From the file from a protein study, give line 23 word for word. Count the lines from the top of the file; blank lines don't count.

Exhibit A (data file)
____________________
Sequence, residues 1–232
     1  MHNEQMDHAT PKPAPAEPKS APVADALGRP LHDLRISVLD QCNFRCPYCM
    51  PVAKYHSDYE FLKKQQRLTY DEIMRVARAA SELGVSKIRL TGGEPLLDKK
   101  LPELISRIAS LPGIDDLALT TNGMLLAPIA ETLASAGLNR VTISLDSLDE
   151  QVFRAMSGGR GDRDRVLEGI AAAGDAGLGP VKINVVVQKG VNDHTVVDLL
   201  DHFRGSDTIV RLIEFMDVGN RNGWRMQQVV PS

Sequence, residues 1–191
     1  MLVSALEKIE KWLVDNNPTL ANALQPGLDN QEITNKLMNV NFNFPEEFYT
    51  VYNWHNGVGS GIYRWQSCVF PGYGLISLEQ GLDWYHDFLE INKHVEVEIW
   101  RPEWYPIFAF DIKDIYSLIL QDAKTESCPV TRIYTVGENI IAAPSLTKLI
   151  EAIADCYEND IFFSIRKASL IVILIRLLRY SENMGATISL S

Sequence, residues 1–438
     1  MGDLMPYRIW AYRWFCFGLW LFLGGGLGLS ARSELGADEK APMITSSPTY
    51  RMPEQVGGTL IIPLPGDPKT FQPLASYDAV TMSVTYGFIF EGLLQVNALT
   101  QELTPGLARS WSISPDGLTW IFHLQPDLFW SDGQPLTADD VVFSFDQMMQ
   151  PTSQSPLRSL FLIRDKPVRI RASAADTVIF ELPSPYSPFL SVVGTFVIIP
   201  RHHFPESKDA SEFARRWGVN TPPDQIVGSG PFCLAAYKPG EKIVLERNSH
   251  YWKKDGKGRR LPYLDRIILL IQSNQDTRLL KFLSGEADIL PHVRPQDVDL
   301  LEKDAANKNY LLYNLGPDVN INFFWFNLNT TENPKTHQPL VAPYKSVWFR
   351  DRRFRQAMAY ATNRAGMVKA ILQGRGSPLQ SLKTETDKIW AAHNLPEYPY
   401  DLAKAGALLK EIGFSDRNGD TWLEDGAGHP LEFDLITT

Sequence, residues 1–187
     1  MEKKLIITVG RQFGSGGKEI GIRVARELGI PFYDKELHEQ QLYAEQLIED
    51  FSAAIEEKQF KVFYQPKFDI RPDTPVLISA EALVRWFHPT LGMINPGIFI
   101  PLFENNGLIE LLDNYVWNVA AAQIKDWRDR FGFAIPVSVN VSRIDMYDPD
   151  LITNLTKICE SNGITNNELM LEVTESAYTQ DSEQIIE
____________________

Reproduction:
     1  MEKKLIITVG RQFGSGGKEI GIRVARELGI PFYDKELHEQ QLYAEQLIED